Volcanic and Seismic Hazards at a Proposed Nuclear Power Site in Central Java

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volcanic hazards, nuclear power plants, Indonesia

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A nuclear power plant site has been proposed near the base of Mount Muria, a long-dormant volcano in Indonesia. Over a period of eight years the volcanic and seismic hazards were investigated, first by the contractor and later by a joint team of Indonesian geologists and consultants to the International Atomic Energy Agency. In order to assess the risk posed by a large volcano for which there is no record of historical eruptions, it was necessary to determine the age of the last activity by geological and geochronological means and to deduce from this whether the volcano posed a credible risk. Similarly, because there was no adequate record of seismic activity, the seismic hazards were investigated mainly by geological, geomorphological, and geophysical methods that identified and characterized potential seismogenic sources related to the volcano or tectonic movements (i.e. active/capable faults). Muria Volcano has not erupted since about two thousand years ago, but the last activity was sufficiently recent to rule out any assumption that the volcano is extinct. Detailed studies indicated that the proposed site may be vulnerable to the effects of air-borne tephra, pyroclastic flows and surges, debris flows, lahars, and opening of new vents. A more serious factor, however, was the poor geotechnical properties of the foundation material that required a careful analysis of the seismic hazards. Although the project was suspended, the study proved useful, because it provided an opportunity to develop procedures and techniques that could be applied in similar studies elsewhere.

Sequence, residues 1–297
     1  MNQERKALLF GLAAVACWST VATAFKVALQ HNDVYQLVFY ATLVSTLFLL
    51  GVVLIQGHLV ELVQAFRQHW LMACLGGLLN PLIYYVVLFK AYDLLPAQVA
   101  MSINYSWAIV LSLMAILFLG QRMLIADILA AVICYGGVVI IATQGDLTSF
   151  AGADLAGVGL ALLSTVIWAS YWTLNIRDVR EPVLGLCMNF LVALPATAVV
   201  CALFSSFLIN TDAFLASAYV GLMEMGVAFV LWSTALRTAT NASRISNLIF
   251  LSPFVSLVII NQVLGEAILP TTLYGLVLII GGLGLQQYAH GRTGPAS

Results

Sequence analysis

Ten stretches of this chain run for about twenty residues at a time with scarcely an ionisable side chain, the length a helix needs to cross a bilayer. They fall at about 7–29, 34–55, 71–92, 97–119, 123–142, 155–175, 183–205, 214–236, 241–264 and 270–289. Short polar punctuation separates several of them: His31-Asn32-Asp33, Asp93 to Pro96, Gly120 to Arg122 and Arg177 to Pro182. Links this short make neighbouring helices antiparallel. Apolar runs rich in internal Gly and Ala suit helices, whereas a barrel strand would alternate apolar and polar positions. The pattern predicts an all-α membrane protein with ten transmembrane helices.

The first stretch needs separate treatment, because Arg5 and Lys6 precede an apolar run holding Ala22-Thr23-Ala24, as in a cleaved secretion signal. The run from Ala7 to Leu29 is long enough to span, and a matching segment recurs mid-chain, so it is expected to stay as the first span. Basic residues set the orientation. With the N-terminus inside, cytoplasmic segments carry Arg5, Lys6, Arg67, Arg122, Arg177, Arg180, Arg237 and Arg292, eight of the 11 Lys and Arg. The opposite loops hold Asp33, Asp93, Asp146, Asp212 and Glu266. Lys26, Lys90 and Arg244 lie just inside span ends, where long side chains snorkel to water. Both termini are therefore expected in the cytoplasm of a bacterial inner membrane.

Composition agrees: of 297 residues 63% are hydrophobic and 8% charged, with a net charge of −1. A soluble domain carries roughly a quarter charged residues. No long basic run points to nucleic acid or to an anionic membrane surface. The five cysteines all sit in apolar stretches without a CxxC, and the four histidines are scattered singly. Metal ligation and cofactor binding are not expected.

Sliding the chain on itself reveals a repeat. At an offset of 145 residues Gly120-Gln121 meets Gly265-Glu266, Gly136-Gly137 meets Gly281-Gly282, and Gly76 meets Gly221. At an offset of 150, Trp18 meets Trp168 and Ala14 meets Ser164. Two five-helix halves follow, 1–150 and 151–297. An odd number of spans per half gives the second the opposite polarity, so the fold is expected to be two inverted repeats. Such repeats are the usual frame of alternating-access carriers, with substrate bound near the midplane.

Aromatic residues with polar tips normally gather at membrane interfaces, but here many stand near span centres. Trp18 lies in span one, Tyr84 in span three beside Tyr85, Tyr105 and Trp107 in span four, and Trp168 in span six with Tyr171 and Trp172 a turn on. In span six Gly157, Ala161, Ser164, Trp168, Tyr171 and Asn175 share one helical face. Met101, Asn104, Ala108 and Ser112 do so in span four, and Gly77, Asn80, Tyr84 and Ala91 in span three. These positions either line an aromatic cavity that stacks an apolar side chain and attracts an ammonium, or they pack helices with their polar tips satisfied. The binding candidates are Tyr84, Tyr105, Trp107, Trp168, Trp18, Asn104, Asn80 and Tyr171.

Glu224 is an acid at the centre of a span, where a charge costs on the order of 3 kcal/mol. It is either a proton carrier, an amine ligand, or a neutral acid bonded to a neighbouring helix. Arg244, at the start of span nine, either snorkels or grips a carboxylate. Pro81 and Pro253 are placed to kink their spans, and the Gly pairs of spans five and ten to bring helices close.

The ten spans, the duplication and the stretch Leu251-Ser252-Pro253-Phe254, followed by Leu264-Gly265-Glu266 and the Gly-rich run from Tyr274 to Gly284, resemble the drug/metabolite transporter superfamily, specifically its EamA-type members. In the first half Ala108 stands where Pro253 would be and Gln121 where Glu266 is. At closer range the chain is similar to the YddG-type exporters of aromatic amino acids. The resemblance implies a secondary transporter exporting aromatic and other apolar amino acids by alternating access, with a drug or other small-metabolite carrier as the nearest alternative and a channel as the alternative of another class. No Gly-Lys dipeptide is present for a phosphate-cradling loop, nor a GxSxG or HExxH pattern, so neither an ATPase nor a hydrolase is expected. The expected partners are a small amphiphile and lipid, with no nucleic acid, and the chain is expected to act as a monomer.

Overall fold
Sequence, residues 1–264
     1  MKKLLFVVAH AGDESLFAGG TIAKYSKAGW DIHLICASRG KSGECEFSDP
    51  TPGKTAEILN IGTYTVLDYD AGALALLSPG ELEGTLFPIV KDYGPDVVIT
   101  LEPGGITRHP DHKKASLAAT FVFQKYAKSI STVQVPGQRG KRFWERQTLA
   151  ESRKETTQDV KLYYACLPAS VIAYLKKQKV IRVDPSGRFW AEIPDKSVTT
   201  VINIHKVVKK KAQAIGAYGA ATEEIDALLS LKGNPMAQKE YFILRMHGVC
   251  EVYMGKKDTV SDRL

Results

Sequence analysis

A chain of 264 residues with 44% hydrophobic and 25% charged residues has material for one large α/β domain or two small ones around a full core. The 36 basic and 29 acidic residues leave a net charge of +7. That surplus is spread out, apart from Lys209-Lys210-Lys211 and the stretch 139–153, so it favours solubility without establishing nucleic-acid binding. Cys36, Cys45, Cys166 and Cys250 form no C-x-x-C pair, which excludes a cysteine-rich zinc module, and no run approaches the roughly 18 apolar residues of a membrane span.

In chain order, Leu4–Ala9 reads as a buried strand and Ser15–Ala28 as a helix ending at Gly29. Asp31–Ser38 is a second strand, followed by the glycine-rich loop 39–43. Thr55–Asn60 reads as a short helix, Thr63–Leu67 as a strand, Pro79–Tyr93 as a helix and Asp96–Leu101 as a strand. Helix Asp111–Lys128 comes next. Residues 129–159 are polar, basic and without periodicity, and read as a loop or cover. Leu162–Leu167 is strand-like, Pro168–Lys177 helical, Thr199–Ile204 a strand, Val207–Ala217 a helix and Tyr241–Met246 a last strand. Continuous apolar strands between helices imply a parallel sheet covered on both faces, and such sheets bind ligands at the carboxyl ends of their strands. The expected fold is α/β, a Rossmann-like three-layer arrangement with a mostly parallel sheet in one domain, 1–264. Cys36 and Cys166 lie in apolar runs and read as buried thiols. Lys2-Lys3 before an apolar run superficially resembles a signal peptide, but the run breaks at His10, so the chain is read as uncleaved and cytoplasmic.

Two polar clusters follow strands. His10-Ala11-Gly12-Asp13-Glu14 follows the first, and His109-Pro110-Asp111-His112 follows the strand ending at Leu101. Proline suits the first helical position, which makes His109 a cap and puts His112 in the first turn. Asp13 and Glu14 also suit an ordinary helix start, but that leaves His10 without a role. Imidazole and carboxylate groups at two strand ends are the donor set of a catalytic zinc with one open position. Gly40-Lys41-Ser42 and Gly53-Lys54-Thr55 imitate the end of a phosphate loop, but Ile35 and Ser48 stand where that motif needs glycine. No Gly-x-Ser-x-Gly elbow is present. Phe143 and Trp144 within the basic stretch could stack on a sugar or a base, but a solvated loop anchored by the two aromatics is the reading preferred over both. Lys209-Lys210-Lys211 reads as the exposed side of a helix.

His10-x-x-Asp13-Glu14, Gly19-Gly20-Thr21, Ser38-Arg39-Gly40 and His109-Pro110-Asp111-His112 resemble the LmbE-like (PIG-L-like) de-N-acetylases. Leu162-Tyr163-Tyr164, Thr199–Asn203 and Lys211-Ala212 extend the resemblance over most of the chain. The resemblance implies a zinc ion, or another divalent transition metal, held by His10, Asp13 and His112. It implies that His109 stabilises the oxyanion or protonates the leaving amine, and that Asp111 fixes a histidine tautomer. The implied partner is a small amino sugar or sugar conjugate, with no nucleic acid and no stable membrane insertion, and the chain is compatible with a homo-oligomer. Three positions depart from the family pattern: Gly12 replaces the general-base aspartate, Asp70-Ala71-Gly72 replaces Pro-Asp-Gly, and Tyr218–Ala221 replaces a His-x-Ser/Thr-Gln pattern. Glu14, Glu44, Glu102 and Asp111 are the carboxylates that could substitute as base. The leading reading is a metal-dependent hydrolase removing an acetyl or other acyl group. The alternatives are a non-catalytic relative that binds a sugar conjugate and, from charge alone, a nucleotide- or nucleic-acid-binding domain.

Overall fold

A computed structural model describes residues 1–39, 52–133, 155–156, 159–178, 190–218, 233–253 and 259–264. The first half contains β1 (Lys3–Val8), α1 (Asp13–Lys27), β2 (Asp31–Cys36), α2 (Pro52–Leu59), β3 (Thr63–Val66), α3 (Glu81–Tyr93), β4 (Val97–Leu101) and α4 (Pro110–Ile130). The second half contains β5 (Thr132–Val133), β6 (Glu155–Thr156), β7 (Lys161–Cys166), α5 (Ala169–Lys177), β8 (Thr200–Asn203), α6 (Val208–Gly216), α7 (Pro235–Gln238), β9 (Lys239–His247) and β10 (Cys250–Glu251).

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Citation / Publisher Attribution

Journal of Volcanology and Geothermal Research, v. 126, issues 1-2, p. 11–30